A qualitative evaluation of a health literacy intervention to improve medication adherence for underserved pharmacy patients
To evaluate the implementation of a health literacy intervention to improve medication adherence among patients in an inner-city health system.
Interviews with pharmacists and focus groups with pharmacy patients were conducted one month and six months after beginning the intervention. Patients and pharmacists described their experiences with the intervention, consisting of an automated telephone call reminder system, an illustrated medication schedule, and pharmacist training in clear health communication.
Despite initial technical problems, patients and pharmacists reported positive experiences. Pharmacists thought the intervention made counseling easier. Patients appreciated the design and portability of the illustrated medication schedule and found the reminder calls helpful as well.
Successful health literacy interventions require tools that are easy to comprehend, accessible, and personalized to the special needs and interests of the target population. Moreover, providers must be well-trained, and adequate resources must be provided to assure the fidelity of the intervention's implementation.
Available from: Olayinka O Shiyanbola
- "In health promotion efforts, increasing patient understanding of health information
is essential, especially for members of underserved populations who are likely to
have low health literacy levels.13,14 Members of this vulnerable group include
older adults, individuals who are poor or have low income, immigrant and minority
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ABSTRACT: To understand how underserved populations attend to prescription warning label (PWL) instructions, examine the importance of PWL instructions to participants and describe the challenges associated with interpreting the information on PWLs.
Adults from an underserved population (racial and ethnic minorities, individuals with low income, older adults) who had a history of prescription medication use and were able to understand English took part in semi-structured interviews. Participants were presented with eight different prescription bottles with an attached PWL. Participants were asked, "If this prescription was yours, what information would you need to know about the medicine?" The number of participants who attended to the warning labels was noted. Other questions assessed the importance of PWLs, the challenges with understanding PWLs, and ways a pharmacist could help participant understanding of the PWL.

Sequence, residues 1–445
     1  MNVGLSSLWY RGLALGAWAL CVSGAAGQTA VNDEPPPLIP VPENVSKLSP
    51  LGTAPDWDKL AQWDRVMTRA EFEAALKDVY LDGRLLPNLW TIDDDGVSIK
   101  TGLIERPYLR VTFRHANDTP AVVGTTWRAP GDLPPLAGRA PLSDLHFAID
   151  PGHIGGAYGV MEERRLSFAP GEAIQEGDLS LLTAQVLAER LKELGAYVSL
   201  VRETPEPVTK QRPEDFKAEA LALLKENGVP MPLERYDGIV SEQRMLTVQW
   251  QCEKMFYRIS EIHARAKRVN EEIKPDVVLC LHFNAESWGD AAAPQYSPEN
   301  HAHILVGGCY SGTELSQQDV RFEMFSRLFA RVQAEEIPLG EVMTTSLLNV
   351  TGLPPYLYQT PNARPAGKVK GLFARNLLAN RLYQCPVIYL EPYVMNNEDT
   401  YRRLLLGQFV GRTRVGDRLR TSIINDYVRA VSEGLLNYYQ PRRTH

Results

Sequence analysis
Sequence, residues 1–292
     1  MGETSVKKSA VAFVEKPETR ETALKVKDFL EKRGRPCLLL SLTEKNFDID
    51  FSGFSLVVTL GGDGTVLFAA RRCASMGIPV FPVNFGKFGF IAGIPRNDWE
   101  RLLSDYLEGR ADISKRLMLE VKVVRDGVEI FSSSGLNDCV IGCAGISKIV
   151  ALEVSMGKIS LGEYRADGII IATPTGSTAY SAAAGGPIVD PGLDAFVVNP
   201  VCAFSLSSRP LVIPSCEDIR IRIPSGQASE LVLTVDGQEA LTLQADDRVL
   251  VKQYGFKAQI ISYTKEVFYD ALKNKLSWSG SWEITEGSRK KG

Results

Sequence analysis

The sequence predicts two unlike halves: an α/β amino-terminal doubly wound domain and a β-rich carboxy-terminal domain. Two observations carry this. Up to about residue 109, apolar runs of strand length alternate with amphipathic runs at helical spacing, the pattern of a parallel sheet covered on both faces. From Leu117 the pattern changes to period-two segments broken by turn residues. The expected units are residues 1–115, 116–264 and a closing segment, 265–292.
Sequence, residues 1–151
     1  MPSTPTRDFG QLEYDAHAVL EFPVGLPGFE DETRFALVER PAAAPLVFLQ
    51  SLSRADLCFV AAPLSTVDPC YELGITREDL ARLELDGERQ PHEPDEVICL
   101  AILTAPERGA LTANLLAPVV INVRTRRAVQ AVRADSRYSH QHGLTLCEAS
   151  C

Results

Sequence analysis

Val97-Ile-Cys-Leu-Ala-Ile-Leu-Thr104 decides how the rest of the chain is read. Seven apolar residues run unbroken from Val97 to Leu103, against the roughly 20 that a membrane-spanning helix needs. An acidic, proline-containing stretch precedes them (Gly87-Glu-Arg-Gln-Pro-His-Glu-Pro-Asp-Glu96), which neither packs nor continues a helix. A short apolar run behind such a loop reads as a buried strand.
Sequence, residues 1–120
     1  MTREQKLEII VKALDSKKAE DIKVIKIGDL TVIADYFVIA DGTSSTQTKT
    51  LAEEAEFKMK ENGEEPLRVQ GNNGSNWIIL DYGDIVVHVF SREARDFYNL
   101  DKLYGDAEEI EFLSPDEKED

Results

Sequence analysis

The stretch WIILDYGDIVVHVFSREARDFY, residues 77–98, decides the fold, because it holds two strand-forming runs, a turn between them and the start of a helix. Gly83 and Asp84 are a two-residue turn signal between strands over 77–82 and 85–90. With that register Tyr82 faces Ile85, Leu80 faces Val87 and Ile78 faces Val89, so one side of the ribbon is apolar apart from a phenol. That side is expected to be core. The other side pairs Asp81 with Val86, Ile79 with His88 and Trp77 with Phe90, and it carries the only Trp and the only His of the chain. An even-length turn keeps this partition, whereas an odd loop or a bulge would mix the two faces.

There were 103 participants. The mean age was 50.25 years (SD=18.05). Majority attended to the PWL. Participants not currently taking medications and who had limited health literacy were likely to overlook the warning labels. Majority rated the warning instructions to be extremely important (n=86, 83.5 %), wanted the pharmacist to help them understand PWLs by counseling them on the information on the label (n=63, 61.2%), and thought the graphics made the label information easy to understand.
PWLs are an important method of communicating medication information, as long as they are easily comprehensible to patients. In addition to placing PWLs on prescription bottles, health care providers need to counsel underserved populations on medication warnings, especially individuals with limited health literacy who are not currently using a prescription medication.
03/2014; 12(1):387. DOI:10.4321/S1886-36552014000100008
Available from: Karen K Gerlach
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ABSTRACT: Patient education and warnings have emerged as prominent interventions for improving drug safety. As part of the provision of information and guidance on safe use of drugs, patients often receive multiple pieces of written information when they obtain a prescription medication, including a Food and Drug Administration (FDA)-mandated medication guide (MG), consumer medication information (CMI), and patient package insert (PPI).
To determine whether patients understand the materials providing drug information and whether the materials convey the intended information.
Fifty-two adults with a high school education or less were shown an actual (blinded) MG, CMI, and PPI for a marketed antidepressant medication. Comprehension was tested with methods used by the FDA to assess label comprehension for nonprescription products.
The majority of participants (88.2%) looked at all 3 pieces of information provided. The mean (SD) time spent reviewing the CMI was 5.2 (4.8) minutes (range 0-21.9), 16.5 (13.3) minutes for the PPI (range 0-43.0), and 2.5 (1.6) minutes for the MG (range 0-7.6). Less than 20% of participants were able to identify the symptoms of a rare but potentially life-threatening situation that can occur with this medication and only 61.5% recalled the risk of teen suicide, which is the sole focus of the MG. Respondents with lower literacy scores performed more poorly than those with higher literacy scores.
Information provided with at least some prescription drugs is not adequately understood by less-educated consumers and does not effectively communicate critical safety messages or directions.
Annals of Pharmacotherapy 03/2011; 45(4):452-8. DOI:10.1345/aph.1P477 · 2.06 Impact Factor
Available from: ncbi.nlm.nih.gov
P&T 09/2011; 36(9):576-89. · 1.07 Impact Factor
Data provided are for informational purposes only. Although carefully collected, accuracy cannot be guaranteed. The impact factor represents a rough estimation of the journal's impact factor and does not reflect the actual current impact factor. Publisher conditions are provided by RoMEO. Differing provisions from the publisher's actual policy or licence agreement may be applicable.